This month I attended a father and daughter weekend canoe trip with friends from several local churches. I am a grandfather, and I was invited to participate by my son-in-law and granddaughter.          
     Six fathers and their young daughters, ages nine to eleven, and I floated down the James River headwaters, stopping overnight at a campground and then continuing downstream to a take-out point.  The girls and fathers set up camp and cooked meals. Each canoe contained one father in the back and his daughter in the front. The fathers fished while the daughters paddled along the river. The James River flows fast enough along this section so that it did not take a lot of effort to navigate downstream. Occasionally, some of the girls would jump into the water for a refreshing dip in the river.
     The rapids were easily-navigated whitewater Class I's and II's.  Fathers provided lunch from the coolers carried in their  canoes. Sometimes the canoeist would turn upstream and try to surf the  rapids.
     On Sunday morning we had an informal worship service thanking God for the opportunity to take the trip and the blessing, as well as responsibility, that fathers have in raising their daughters in Christian love and understanding.
    The additional blessing for me was that the trip was free of alcohol, drugs, bad language, swearing, and inappropriate dress. Unlike work family picnics that I have attended in the past, this activity was a breath of fresh air--literally as we enjoyed God's outdoor magnificence, and figuratively, as we enjoyed fellowship that would please our Lord.  Before, I was afraid to attend these type of activities because of what my children might hear or see. What a delight to be free of all of that worry and to be with Christian family and friends.  I thank God that He provides times like this because of His great love and care for us and our spiritual and emotional needs.  He knows us so well.
     Proverbs 22:6 reminds us, "Train up a child in the way he should go," (NIV).  I know that this weekend will remain in the hearts of these girls--having enjoyed fellowship with their earthly fathers, who are training them to draw closer to their heavenly Father, as well.

My Native Ultimate 12 foot Kayak

                         Headwaters of the James River near Roanoke Virginia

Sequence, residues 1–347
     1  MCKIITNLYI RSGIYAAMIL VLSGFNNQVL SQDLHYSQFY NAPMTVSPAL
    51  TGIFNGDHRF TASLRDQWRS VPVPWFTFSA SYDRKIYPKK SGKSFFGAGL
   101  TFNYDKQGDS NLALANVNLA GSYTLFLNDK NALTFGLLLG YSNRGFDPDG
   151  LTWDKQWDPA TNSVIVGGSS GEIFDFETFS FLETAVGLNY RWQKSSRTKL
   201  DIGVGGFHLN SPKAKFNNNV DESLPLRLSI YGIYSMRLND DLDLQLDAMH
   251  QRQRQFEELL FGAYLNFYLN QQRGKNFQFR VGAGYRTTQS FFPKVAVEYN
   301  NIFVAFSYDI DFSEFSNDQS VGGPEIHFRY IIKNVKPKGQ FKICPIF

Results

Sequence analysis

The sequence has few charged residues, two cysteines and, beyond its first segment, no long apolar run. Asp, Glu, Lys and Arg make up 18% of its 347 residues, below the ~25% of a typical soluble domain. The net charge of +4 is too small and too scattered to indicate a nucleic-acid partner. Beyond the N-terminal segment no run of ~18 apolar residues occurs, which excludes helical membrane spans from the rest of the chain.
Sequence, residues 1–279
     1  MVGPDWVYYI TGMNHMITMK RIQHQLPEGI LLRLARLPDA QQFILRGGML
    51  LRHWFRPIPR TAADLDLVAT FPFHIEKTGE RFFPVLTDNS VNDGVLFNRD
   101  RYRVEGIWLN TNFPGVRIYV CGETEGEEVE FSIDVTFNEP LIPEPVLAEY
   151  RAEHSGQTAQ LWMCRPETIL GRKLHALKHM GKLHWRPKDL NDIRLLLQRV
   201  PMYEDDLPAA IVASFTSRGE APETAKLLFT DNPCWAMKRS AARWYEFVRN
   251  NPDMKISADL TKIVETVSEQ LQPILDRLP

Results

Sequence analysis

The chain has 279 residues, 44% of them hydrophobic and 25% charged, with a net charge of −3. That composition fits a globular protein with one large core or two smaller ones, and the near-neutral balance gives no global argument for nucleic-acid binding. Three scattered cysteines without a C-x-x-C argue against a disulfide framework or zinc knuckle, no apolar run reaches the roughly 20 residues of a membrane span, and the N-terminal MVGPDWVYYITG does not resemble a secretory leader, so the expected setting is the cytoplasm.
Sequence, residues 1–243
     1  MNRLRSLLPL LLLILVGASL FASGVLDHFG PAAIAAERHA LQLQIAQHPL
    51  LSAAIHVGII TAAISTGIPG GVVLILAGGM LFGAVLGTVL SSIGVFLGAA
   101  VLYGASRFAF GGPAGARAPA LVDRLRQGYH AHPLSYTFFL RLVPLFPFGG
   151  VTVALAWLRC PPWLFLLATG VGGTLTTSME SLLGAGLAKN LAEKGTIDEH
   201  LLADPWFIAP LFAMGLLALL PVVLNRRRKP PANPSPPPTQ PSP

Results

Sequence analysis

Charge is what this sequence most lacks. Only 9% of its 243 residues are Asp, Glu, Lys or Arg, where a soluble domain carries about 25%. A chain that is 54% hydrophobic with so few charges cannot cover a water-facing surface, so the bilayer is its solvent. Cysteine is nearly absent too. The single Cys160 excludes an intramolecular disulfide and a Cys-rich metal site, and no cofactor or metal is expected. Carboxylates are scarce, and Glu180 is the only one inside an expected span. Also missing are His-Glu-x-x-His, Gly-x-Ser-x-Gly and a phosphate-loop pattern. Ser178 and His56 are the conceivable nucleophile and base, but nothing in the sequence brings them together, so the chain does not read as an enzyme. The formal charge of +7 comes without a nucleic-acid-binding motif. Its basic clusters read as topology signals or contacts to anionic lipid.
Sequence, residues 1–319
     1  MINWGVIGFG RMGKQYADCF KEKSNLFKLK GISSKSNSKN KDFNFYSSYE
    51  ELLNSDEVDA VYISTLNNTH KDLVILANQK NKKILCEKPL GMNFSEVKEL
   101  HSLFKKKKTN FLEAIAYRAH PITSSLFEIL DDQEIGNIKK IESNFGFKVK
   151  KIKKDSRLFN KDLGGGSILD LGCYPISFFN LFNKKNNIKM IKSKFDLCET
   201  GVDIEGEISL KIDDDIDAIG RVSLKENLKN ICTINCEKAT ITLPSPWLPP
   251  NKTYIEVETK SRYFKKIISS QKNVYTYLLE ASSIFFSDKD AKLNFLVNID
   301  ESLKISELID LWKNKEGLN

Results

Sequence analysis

Fathers and their daughters paddling along the river

Paddling and fishing along the James River

Wednesday, January 22, 2014

Growing Older Along The Trail

I am a  older hiker, and I find it harder physically to continue hiking the trail. My bones ache with every mountain I climb, and I find myself staying in the sleeping bag longer each morning. But I continue to hike because I am inspired by the beautiful mountain views and wonder of God's creation.  I rest often on rocks or fallen trees knowing that there are hundreds of hikers that have passed along this same trail before me, and I think of the thousands of people who are unable to experience what I am experiencing. I recently met an older lady who was able to express the feeling I have when I hike along the trail.  Phyllis V. Brokaw wrote this poem in 2009 and has given me permission to share it with you.

                Out in the Woods with God

Have you ever stood in the midst of the woods
and heard the forest talk;
Have you been all alone as the tree tops swayed
to a music all their own?
Have you seen a bird fly from limb to limb
as she sweetly sang to you?
Have you heard a brook as it flowed o'er the rocks
lend its rhythm in cadence, too?
Did you notice how leaves as they gently fall
form a beautiful carpet for you?

It's a wonderful thing when God's nature provides
an oasis away from life's storms;
Take a day away in the woods someday
when tired and weary and worn.
It's a special gift and an awesome reprieve
out in the woods with Him;
If you stand very still, I am sure that you will
hear the still small voice within;
You'll draw from the silence the peace that you seek
and know you've been touched by the King.

If you'll stand very still in the turmoil of life 
and heed to that voice within;
You'll be led the Spirit in wisdom and grace
in the midst of the chaos and din;
Then you'll find all you need of courage and hope
if you'll travel life's highway with Him.